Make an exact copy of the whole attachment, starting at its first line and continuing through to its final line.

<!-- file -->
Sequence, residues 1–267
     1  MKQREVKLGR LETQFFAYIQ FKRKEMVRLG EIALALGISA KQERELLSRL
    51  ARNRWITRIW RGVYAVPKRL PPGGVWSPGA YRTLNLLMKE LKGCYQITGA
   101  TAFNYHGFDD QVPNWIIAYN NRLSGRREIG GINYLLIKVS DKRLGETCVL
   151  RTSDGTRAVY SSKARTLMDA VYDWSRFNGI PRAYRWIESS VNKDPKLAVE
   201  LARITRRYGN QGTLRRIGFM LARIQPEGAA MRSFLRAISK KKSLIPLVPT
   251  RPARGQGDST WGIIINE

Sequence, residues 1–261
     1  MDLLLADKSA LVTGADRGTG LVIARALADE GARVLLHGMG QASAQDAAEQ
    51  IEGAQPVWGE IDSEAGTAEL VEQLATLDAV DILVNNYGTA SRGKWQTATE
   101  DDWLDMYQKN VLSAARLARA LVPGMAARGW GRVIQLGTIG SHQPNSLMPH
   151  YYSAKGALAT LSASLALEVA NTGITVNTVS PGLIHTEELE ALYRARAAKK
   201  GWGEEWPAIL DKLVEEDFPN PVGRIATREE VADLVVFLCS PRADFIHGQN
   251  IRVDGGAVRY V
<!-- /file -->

Sequence, residues 1–267
     1  MKQREVKLGR LETQFFAYIQ FKRKEMVRLG EIALALGISA KQERELLSRL
    51  ARNRWITRIW RGVYAVPKRL PPGGVWSPGA YRTLNLLMKE LKGCYQITGA
   101  TAFNYHGFDD QVPNWIIAYN NRLSGRREIG GINYLLIKVS DKRLGETCVL
   151  RTSDGTRAVY SSKARTLMDA VYDWSRFNGI PRAYRWIESS VNKDPKLAVE
   201  LARITRRYGN QGTLRRIGFM LARIQPEGAA MRSFLRAISK KKSLIPLVPT
   251  RPARGQGDST WGIIINE

Sequence, residues 1–261
     1  MDLLLADKSA LVTGADRGTG LVIARALADE GARVLLHGMG QASAQDAAEQ
    51  IEGAQPVWGE IDSEAGTAEL VEQLATLDAV DILVNNYGTA SRGKWQTATE
   101  DDWLDMYQKN VLSAARLARA LVPGMAARGW GRVIQLGTIG SHQPNSLMPH
   151  YYSAKGALAT LSASLALEVA NTGITVNTVS PGLIHTEELE ALYRARAAKK
   201  GWGEEWPAIL DKLVEEDFPN PVGRIATREE VADLVVFLCS PRADFIHGQN
   251  IRVDGGAVRY V